January 23, 2009

English muffin casserole bread / chocolate cake

I've been digging around in the old recipe box again looking for forgotten favorites that I haven't made in years. I found one that surprised me the first time I made it, 100 years ago, because it tasted exactly like its name — English muffin bread. When I made it last night I decided to convert it to whole grain and see if the taste would still hold up. It's still got the open texture and slight tang of an English muffin, and when you toast and slather a slice with margarine, well, yes, it's very muffiny. I think the unbleached version is closer to a true English muffin, but the whole grain is so much healthier, and really good. It's got that chewy, slightly spongy texture and vaguely sour flavor that English muffins are known for.

The original recipe was made in an electric mixer, but my mixer gave up its spot on the kitchen counter to the bread machine, and now resides in the basement. I was making the bread after a long day at work and didn't feel like hauling the mixer up to the kitchen so I beat it by hand with a wooden spoon. Honestly, its been so long since I've used this recipe, I couldn't say if not using the mixer made any difference in taste or texture. I'll give the original directions and let you choose whether to follow them or not. The recipe was cut from a magazine that I no longer recall, and was attributed to Lavonne Willard. If the author happens to see this, I apologize for stealing her recipe!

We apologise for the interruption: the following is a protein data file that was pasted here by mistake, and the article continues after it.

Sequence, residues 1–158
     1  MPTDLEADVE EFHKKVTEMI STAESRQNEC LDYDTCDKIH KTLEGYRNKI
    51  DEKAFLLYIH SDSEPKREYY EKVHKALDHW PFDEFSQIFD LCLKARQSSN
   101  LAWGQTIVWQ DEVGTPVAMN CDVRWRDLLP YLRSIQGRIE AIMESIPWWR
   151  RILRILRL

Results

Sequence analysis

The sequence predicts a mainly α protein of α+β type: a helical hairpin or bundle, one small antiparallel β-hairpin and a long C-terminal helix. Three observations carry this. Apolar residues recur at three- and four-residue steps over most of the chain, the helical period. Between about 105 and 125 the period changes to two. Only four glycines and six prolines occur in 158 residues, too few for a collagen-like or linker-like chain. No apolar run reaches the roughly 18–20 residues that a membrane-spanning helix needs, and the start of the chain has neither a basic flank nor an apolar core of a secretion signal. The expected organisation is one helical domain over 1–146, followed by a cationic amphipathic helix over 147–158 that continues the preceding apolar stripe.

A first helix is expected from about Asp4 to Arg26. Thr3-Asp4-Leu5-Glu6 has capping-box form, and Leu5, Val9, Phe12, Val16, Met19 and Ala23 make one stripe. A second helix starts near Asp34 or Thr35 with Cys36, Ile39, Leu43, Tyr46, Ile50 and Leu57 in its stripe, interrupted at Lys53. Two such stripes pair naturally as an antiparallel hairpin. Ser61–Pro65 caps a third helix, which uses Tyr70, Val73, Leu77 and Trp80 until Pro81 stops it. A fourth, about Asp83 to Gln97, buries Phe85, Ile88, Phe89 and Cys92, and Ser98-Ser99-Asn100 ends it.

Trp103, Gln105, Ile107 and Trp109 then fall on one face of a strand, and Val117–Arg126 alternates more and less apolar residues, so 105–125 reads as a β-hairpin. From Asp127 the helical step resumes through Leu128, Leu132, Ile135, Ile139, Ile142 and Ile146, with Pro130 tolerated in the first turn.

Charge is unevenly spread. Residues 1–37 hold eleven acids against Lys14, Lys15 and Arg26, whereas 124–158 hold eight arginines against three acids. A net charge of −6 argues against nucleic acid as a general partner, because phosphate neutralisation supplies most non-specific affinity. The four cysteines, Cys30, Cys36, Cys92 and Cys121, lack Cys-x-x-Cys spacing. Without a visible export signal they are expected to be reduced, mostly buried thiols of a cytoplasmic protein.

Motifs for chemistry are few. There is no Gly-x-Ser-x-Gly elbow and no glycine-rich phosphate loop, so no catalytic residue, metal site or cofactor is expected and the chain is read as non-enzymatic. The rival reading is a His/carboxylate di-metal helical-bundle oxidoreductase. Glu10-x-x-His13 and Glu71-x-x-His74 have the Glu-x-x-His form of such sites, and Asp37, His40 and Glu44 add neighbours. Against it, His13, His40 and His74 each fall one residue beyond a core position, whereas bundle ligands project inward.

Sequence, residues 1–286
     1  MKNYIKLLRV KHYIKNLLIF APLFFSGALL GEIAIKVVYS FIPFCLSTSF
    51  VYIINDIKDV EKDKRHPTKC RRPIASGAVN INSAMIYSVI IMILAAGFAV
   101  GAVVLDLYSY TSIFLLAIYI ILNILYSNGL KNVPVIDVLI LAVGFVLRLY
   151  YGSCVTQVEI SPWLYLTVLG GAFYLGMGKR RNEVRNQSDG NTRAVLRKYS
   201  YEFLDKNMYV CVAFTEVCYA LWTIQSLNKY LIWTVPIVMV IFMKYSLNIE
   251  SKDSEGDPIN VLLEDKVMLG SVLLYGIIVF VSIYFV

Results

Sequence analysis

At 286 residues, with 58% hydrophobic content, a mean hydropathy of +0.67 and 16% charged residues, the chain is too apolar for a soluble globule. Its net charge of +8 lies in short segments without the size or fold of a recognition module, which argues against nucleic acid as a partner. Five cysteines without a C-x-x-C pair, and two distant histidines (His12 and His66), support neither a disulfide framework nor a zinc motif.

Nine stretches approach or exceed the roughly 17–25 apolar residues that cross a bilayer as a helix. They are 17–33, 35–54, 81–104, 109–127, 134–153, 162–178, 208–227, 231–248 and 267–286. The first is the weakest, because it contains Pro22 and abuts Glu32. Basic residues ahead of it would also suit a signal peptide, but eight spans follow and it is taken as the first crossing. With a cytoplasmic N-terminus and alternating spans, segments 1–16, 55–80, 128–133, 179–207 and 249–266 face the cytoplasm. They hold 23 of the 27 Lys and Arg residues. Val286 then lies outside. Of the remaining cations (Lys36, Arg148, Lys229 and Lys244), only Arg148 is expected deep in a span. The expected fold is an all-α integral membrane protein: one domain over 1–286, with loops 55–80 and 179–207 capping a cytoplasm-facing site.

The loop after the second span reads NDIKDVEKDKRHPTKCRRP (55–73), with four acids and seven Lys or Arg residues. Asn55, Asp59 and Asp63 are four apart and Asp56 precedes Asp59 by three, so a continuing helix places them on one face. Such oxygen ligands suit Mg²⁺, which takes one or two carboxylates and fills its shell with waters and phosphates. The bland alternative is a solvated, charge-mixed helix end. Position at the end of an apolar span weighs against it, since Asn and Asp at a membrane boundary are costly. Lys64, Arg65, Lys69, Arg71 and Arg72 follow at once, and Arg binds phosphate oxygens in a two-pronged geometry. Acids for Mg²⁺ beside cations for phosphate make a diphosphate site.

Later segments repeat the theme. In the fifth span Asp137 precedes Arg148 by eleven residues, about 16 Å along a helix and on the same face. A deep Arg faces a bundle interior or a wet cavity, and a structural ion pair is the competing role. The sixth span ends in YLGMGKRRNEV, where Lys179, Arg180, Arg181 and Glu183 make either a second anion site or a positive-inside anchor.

English muffin casserole bread
  • 2 teaspoons active dry yeast (I use instant yeast)
  • 2-1/2 to 3 cups white whole wheat or unbleached white flour, stirred well or sifted
  • 1-1/4 cups water
  • 1 tablespoon sucanot (evaporated cane juice)
  • 1/2 teaspoon salt
  • cornmeal
  1. Combine yeast, 1 cup flour, salt, sugar in mixing bowl.
  2. Heat water until just warm.
  3. Add water to dry ingredients. Beat with electric mixer (see story above) at low speed for 1/2 minute, scraping bowl. Beat 3 minutes at high speed.
  4. By hand, add enough of the remaining flour to form a soft dough.
  5. Place dough in greased bowl, turning to grease surface.
  6. Cover and let rise in warm place until double, about 1 hour. Punch down. Let rest 10 minutes.
  7. Grease a 1 quart casserole and sprinkle with cornmeal. Place dough in casserole and sprinkle top with cornmeal. Cover and let rise in warm place until double, about 45–60 minutes.
  8. Bake in hot 400˚F oven for 40–45 minutes, or until done.
  9. Remove from dish to cool. (You may have to loosen the sides with a knife.)

    Chocolate marshmallow cake from eat'n veg'n